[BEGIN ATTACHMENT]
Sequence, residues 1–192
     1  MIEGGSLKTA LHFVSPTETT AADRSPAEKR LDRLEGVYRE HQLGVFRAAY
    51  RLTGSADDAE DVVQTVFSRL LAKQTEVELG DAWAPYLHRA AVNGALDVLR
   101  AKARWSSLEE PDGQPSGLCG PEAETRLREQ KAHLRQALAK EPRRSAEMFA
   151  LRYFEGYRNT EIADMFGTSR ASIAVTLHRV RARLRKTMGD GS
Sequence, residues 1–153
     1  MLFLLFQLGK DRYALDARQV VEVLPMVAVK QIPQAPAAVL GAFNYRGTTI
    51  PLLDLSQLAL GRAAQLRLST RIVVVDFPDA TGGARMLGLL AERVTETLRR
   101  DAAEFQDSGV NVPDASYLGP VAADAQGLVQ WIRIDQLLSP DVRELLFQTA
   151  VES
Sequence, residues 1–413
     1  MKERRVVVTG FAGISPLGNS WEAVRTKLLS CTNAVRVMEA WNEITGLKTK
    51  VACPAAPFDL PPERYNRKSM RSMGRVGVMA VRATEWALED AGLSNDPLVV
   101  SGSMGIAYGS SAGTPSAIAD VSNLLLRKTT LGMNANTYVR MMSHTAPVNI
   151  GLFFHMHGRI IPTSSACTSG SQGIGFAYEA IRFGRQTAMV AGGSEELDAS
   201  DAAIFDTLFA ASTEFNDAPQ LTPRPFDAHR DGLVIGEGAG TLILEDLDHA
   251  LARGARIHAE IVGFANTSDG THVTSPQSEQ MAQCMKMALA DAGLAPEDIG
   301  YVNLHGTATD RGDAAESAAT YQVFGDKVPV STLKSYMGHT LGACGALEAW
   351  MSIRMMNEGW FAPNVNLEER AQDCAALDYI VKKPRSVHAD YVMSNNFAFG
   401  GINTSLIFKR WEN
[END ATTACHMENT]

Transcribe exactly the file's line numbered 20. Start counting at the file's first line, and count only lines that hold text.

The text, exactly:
   401  GINTSLIFKR WEN